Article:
Hoppy, Lucky and California are chasing cattle rustlers who have been bothering cattle rancher friends of Hoppy. A crooked foreman is the source of the trouble. Johnny and Lucy are the love...
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A former Bar 20 cowhand is now a cattle rancher and having trouble with rustlers. Hoppy and the Bar 20 gang ride in and surround the the bad guys. June Winters joins the posse and serves as the romantic partner for posse co-leader Lucky.
When he runs for sheriff, Hoppy is beaten by Jerry Doyle, the gutless wonder voted for by every crook in town. When Hoppy moves to have the new sheriff impeached, outlaw leader Tad Hammond ... See full summary »
Hoppy, Lucky and California are chasing cattle rustlers who have been bothering cattle rancher friends of Hoppy. A crooked foreman is the source of the trouble. Johnny and Lucy are the love focus. Written by
Ed Stephan <email@example.com>
This is one of 54 Hopalong Cassidy features produced by Harry Sherman, initially distributed by Paramount Pictures from 1935-1941, and then by United Artists 1942-1944, which were purchased by their star William Boyd for nationally syndicated television presentation beginning in 1948 and continuing thereafter for many years, as a result of their phenomenal success. Each feature was re-edited to 54 minutes so as to comfortably fit into a 60 minute time slot, with six minutes for commercials. It was not until 50 years later that, with the cooperation of Mrs. Boyd. i.e. Grace Bradley, that they were finally restored to their original length with their original opening and closing credits intact. See more »
Right Up There with the Silliest of All Hoppy Movies
Aside from Andy Clyde (as California) & Brad King (as Johnny), none of the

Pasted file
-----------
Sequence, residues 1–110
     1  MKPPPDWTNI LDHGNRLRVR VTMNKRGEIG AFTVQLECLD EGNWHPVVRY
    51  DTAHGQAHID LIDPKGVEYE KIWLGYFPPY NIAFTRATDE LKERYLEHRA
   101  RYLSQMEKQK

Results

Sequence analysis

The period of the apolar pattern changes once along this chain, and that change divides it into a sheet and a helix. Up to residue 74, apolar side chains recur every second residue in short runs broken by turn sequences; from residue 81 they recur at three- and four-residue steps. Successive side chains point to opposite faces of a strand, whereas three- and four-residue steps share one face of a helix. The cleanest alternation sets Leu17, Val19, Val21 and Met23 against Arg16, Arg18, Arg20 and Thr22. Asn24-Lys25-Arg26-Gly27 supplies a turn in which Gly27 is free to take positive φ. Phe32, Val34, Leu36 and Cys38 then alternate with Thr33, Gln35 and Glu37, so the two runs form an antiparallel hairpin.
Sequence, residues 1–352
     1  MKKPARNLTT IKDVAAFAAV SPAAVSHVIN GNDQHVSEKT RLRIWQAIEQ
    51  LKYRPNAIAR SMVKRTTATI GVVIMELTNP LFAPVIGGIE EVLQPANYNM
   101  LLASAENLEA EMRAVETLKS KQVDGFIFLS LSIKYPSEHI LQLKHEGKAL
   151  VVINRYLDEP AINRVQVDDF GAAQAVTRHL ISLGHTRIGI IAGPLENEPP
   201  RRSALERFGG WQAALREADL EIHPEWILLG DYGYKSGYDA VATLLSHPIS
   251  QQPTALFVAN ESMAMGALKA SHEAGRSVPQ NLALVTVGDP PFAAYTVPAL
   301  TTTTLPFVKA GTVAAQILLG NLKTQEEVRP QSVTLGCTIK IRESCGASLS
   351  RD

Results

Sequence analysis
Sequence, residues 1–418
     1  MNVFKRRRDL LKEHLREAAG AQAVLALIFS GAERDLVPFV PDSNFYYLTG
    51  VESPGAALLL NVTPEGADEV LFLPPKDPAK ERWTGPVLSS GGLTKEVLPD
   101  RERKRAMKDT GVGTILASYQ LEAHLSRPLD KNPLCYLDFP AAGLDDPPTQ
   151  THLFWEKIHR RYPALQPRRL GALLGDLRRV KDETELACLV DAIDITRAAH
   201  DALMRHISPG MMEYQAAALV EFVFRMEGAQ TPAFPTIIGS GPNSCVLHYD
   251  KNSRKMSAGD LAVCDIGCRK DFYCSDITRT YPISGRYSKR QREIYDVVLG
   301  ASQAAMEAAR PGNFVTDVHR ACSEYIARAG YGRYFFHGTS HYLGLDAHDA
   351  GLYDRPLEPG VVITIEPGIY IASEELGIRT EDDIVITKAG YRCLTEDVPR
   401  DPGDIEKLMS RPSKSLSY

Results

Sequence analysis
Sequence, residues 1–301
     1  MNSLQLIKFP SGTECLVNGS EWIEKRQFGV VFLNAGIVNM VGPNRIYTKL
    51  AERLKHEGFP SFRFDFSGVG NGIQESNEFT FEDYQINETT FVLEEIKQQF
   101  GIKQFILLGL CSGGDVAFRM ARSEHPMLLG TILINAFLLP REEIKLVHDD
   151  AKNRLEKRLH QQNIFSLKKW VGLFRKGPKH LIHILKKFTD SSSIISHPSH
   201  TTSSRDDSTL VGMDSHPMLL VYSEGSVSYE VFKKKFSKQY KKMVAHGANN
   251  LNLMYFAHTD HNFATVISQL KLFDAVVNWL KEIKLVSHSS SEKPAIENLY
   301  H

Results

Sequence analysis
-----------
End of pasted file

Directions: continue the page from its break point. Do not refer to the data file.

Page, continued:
usual supporting crew often found in the Hoppy series is here. Perhaps they
read the script & refused to be involved with the film. Hoppy, California, &
Johnny pretend to be private detectives. Are those English accents we hear?
Can't really tell, because they keep switching back & forth anyway (except for Andy Clyde, who does a better job with the accent). I guess the actors wanted a breather from their regular Hoppy roles; they got to dress outside the usual
Hoppy gear, which is often a sign of a lesser Hoppy effort, & that statement
couldn't be truer than here. All three use the most atrocious comedic voices, & California wears a deerstalker hat, smokes a curved pipe, & carries a
magnifying glass, apparently as part of a Sherlock Holmes spoof. This silliness goes on for far too long (the first 36 minutes of the film, to be exact), & it's too poorly done to be effective as comedy, & it certainly is even less effective as a Hoppy western. There are three songs, two of which Johnny sings in a tenor
voice. This film has very little to recommend it, & I rank it as one of the two worst Hoppy movies, along with "Outlaws of the Desert." The best part of the film is when Hoppy announces "Let's get out of these monkey suits," & things do
improve a bit in the last 20 minutes, but not enough to make it a decent film. It would have been a better film if he had made that announcement 19 minutes
earlier. I rate it 4/10.
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